CANNES, France — The latest Spike Lee movie BlacKkKlansman first created a stir at the Cannes Film Festival and is expected to bring to the surface strong feelings regarding race relations simmering across America when it is released in late summer.
The film, based on a true story, chronicles the dangerous undertaking by Colorado Springs’ first African American police officer, Ron Stallworth, and a Jewish detective, Flip Zimmerman, who worked undercover to infiltrate the local Colorado chapter of the Ku Klux Klan in 1979.
Following his accomplishment of becoming Colorado Springs’ first ever black police detective in 1971, Stallworth later wrote a book about the operation, called “Black Klansman,” in 2006.
“BlacKkKlansman” ties its story to the violent protests of Charlottesville, Virginia. It stars Denzel Washington’s son, John David Washington, alongside Adam Driver and Topher Grace, who plays David Duke.
Sixty-one-year-old Spike Lee said that following the violence in Charlottesville, the U.S. president had the opportunity to denounce the Ku Klux Klan and the alt-right. But Trump instead chose to say there was “blame on both sides” in the unrest between the neo-Nazi groups and counter-protesters.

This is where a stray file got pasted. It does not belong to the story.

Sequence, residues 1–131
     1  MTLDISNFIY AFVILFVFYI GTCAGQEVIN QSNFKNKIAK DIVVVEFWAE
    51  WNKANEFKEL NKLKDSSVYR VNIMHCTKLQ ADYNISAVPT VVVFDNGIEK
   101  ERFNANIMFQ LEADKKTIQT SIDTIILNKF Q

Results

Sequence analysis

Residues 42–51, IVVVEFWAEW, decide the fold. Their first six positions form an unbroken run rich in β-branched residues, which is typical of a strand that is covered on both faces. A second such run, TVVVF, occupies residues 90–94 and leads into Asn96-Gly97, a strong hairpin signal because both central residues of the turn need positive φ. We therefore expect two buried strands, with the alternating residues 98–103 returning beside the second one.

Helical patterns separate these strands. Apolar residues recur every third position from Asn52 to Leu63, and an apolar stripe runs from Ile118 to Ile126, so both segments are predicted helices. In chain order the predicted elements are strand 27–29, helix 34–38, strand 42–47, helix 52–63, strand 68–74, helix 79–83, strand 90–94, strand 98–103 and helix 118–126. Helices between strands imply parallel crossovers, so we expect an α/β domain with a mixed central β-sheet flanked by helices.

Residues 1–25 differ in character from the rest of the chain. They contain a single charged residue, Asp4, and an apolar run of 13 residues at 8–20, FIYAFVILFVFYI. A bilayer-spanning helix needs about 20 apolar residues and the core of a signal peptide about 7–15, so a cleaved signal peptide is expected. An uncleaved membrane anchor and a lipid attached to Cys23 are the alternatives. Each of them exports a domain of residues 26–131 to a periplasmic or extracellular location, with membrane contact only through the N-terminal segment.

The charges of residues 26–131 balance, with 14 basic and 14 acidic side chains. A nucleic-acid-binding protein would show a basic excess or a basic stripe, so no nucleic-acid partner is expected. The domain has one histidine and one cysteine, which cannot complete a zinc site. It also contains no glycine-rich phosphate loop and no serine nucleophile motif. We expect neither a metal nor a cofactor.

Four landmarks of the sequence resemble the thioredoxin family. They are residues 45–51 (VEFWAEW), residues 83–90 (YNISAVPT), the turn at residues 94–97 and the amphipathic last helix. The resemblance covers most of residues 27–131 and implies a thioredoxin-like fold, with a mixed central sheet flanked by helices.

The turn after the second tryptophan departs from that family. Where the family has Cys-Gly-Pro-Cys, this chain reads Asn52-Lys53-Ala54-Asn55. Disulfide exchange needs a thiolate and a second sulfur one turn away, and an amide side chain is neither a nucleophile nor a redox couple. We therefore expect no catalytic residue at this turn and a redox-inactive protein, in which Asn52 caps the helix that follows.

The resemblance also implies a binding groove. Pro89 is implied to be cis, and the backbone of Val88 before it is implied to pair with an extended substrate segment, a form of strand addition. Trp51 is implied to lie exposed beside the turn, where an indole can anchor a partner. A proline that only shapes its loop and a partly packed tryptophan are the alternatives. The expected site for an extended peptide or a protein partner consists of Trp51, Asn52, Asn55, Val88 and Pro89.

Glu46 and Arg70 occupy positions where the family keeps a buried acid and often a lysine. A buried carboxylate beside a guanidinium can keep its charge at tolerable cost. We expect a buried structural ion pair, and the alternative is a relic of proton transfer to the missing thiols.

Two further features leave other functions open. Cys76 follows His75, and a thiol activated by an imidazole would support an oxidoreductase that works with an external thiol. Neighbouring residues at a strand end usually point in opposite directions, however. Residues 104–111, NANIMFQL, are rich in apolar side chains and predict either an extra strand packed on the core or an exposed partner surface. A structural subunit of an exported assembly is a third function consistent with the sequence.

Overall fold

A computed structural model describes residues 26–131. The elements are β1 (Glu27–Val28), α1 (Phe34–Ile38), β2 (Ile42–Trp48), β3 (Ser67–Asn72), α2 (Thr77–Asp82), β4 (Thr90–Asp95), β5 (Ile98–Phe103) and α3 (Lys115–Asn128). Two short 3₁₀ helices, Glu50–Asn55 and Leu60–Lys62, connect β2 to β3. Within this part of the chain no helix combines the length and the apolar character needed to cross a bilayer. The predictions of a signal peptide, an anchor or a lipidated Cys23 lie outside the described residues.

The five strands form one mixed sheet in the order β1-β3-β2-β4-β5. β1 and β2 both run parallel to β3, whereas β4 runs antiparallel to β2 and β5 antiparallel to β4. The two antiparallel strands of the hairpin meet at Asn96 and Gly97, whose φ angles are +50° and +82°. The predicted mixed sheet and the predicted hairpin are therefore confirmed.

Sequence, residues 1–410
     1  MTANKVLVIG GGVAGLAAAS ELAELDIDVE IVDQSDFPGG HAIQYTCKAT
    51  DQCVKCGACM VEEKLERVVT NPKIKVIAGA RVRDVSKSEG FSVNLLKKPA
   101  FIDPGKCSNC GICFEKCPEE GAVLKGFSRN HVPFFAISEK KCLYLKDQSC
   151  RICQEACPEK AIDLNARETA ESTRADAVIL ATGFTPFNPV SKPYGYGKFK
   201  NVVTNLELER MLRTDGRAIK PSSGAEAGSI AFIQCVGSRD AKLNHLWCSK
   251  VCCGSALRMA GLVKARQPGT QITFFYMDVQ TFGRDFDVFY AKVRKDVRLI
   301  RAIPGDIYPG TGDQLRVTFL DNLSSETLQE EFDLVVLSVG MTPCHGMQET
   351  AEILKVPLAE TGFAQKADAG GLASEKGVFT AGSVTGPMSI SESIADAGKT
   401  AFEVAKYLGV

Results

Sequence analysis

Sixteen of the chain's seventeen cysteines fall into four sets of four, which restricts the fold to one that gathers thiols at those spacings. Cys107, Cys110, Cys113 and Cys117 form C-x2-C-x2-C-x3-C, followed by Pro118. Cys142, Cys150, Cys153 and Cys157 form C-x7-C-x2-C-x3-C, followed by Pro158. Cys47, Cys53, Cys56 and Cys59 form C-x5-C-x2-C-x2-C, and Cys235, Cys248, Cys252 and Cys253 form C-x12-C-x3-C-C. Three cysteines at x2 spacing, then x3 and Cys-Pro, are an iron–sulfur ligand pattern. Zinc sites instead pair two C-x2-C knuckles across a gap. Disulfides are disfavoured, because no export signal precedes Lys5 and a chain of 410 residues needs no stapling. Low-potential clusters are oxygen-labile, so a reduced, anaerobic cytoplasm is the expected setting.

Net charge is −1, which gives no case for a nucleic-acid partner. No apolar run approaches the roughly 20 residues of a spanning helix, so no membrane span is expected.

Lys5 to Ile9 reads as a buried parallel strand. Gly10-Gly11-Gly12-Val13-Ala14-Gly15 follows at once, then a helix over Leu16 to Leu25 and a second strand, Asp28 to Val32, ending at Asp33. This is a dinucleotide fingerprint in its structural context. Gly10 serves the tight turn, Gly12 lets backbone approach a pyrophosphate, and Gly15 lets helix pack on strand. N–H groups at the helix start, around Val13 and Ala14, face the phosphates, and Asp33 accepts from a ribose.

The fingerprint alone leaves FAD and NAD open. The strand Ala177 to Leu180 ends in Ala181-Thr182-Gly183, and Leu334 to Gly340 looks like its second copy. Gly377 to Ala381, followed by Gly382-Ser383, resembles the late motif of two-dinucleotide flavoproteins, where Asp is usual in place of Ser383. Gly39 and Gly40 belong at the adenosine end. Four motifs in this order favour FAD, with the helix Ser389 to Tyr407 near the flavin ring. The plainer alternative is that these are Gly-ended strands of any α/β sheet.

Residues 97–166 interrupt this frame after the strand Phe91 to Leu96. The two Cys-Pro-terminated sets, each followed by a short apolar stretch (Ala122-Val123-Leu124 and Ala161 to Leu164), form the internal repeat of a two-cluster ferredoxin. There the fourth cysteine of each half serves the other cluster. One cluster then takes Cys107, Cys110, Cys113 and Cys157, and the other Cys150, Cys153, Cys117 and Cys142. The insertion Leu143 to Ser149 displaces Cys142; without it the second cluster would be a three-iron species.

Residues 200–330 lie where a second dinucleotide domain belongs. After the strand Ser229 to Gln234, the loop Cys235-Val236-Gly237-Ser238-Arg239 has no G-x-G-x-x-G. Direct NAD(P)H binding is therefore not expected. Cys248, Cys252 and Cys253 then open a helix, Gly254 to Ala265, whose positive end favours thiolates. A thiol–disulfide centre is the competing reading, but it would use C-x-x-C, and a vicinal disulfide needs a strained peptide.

Lee included footage of the car that plowed through crowds in Virginia, killing counter-protester Heather Heyer, but said he only did so after he telephoned Heyer’s mother. “I was not going to put that murder scene in the film without her blessing,” said Lee.
Lee also said Trump — whom he refused to call by name — had “a chance to say we are about love and not hate,” and sharply criticized him for not denouncing the KKK.
“It was a defining moment and he could have said to the United States and the world that we’re better than that,” said Lee.
Focus Features will release the film in August, on the year anniversary of Charlottesville.